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A prospective observational study to investigate utility of the Delirium Observational Screening Scale (DOSS) to detect delirium in care home residents

05 Oct 2017

AbstractBackgroundcare home residents are particularly at risk of delirium due to high prevalence of dementia. The Delirium Observation Screening Scale (DOSS) identifies behavioural changes associated delirium onset that nursing staff are uniquely placed to recognise. We tested the psychometric properties of the DOSS in UK care homes compared with the Confusion Assessment Method (CAM).Designprospective observational cohort study performed between 1 March 2015 and 30 June 2016.Settingnine UK residential and nursing care homes.Subjectsresidents over 65 years except those approaching end of life or unable to complete delirium assessments.Methodsthe 25-item DOSS was completed daily by care home staff and compared with the temporally closest CAM performed twice per week by trained researchers. Sensitivity, specificity, positive and negative predictive values, diagnostic odds and likelihood ratios were calculated.Results216 residents participated; mean age 84.9 (SD 7.9); 50% had cognitive impairment (median AMTS 7 (IQR 3–9)). Half of all expected DOSS assessments occurred (30,201); of these, 11,659 (39%) were complete. 78 positive CAM measurements were made during 71 delirium episodes in 45 residents over 70 weeks. Sensitivity and specificity for delirium detection were optimised at a DOSS cut point of ≥5 (sensitivity 0.61 (95% CI: 0.39–0.80) and specificity (0.71 95% CI: 0.70–0.73)). Positive and negative predictive values were 1.6 and 99.5%, respectively.Conclusionsthe low sensitivity of the DOSS limits clinical utility for detection of delirium as part of routine care for care home residents, although a negative DOSS affords confidence that delirium is not present.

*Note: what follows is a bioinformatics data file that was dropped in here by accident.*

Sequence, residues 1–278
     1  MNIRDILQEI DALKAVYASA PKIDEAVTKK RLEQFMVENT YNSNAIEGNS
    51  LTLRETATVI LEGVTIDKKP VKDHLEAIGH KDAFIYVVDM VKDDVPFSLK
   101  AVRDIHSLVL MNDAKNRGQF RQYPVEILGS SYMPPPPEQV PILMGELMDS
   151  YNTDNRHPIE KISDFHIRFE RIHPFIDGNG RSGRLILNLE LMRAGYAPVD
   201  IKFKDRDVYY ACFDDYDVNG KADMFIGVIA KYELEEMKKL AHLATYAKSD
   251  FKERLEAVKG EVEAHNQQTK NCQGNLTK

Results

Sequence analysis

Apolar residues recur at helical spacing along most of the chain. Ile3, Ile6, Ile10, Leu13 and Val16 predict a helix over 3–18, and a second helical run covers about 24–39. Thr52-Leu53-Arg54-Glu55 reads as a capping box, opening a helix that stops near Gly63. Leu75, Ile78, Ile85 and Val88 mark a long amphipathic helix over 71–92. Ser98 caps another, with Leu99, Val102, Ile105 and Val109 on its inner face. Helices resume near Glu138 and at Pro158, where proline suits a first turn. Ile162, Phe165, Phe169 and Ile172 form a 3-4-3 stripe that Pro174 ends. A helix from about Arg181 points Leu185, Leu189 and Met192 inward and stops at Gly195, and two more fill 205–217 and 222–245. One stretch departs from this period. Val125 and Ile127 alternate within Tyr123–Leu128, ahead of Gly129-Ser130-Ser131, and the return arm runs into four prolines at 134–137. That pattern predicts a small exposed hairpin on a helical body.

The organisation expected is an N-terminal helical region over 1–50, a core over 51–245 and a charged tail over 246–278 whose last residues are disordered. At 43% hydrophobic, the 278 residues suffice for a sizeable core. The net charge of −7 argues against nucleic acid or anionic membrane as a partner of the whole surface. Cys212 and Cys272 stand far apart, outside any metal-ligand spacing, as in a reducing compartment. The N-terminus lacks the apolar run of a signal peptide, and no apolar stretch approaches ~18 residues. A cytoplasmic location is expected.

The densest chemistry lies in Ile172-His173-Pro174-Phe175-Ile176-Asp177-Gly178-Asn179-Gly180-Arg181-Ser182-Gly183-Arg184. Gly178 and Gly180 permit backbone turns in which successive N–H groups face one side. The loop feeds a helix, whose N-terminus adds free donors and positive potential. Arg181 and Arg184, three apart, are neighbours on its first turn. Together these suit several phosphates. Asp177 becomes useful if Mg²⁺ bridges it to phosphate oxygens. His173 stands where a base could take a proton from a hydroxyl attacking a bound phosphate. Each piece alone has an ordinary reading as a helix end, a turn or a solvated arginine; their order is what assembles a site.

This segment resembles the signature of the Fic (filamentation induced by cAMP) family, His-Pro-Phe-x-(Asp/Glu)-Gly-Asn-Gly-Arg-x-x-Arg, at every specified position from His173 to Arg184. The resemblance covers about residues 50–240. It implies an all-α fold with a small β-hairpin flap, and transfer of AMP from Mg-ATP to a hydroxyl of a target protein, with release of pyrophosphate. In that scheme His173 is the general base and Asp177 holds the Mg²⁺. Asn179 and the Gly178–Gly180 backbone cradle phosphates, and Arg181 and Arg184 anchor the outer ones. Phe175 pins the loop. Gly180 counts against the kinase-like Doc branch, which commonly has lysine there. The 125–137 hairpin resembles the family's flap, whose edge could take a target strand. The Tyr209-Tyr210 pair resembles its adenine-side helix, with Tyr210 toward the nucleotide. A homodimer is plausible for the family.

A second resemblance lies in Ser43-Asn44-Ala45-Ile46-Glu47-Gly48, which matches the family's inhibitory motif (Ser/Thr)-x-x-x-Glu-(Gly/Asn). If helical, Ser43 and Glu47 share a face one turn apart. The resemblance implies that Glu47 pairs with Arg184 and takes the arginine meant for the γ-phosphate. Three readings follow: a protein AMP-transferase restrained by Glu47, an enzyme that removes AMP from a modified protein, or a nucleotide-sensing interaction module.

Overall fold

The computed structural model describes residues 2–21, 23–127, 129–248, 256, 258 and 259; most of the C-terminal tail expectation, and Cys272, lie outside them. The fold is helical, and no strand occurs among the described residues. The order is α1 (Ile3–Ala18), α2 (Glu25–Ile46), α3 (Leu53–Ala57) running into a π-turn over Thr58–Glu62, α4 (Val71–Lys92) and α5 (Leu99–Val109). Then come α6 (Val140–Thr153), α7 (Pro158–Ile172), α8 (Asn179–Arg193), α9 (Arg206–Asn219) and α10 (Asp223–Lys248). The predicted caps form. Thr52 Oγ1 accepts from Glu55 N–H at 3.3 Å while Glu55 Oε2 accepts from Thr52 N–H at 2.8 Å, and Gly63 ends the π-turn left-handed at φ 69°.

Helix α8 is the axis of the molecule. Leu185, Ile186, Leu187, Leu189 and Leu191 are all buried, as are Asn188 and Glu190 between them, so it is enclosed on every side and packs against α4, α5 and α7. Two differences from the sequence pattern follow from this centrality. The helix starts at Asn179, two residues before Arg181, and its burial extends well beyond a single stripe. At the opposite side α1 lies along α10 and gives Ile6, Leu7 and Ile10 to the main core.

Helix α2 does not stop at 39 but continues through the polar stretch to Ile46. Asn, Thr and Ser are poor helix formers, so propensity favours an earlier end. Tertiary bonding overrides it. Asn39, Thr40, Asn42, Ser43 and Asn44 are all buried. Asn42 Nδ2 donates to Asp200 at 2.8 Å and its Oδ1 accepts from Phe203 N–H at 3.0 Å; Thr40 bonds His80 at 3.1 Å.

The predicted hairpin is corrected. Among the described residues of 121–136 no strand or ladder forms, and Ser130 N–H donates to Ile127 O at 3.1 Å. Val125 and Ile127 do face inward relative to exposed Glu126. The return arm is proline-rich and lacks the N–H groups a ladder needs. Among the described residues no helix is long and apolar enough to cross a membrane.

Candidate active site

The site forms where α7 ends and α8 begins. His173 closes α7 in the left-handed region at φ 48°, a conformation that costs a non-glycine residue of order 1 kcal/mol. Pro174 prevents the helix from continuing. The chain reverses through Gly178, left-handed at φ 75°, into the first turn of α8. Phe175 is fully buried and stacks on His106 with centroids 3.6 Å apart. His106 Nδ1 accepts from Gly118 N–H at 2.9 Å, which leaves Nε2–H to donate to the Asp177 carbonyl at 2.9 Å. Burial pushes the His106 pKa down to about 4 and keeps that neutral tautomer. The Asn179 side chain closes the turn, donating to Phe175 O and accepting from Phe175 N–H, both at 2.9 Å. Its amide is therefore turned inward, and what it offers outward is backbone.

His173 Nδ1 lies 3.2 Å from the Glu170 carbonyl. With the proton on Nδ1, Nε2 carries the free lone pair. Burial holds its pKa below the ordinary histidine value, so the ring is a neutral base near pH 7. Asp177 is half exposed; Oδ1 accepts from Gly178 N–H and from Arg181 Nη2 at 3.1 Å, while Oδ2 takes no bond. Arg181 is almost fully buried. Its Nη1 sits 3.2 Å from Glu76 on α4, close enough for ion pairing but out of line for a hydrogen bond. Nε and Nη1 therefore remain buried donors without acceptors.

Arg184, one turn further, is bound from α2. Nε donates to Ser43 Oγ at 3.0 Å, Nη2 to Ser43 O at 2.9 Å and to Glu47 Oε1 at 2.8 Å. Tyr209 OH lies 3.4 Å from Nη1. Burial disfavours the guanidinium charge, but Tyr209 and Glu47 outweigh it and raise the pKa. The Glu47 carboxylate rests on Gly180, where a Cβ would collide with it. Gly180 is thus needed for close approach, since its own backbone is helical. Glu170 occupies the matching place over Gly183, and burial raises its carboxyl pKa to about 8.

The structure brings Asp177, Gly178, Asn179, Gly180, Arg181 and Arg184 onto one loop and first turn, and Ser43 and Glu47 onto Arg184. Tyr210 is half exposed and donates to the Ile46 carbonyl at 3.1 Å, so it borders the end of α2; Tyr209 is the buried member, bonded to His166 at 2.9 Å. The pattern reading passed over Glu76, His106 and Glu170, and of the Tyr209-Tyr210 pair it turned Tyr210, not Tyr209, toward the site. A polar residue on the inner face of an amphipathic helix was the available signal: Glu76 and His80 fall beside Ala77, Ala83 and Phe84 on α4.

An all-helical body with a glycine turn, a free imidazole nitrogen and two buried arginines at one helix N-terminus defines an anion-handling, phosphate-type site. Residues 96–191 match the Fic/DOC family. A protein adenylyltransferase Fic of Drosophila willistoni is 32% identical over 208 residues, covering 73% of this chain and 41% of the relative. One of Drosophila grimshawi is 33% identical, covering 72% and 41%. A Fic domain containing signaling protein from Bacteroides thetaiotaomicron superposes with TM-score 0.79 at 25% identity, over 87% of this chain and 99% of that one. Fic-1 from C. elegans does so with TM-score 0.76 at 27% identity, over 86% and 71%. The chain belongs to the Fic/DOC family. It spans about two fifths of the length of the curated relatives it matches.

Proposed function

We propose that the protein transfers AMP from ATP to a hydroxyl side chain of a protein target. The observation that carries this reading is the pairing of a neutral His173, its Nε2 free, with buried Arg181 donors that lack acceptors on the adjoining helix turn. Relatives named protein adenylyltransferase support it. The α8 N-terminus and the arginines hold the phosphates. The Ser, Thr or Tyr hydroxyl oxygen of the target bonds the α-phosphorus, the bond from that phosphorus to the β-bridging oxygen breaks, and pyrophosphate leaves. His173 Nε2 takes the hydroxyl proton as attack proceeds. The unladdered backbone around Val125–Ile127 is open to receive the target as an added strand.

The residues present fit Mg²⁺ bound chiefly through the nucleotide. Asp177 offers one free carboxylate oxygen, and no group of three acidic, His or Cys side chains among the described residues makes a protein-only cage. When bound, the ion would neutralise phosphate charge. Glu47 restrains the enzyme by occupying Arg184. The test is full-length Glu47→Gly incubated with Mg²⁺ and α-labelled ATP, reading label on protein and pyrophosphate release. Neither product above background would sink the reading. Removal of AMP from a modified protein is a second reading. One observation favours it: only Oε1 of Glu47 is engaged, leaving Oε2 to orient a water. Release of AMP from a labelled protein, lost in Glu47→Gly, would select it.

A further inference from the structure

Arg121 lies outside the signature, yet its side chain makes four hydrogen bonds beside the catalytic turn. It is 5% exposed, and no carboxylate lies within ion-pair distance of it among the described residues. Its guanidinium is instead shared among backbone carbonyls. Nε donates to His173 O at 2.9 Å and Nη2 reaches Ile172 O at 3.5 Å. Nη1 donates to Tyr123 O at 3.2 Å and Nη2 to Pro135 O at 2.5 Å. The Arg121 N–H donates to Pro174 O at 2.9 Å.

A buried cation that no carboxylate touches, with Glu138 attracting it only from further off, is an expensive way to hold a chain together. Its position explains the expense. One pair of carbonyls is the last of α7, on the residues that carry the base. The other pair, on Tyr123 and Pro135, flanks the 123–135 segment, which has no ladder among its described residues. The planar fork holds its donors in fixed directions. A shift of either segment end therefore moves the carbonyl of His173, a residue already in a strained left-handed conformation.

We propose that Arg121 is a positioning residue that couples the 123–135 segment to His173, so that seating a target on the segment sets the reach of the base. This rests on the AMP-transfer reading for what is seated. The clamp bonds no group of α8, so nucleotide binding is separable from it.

Click here to view the full article which appeared in Age and Ageing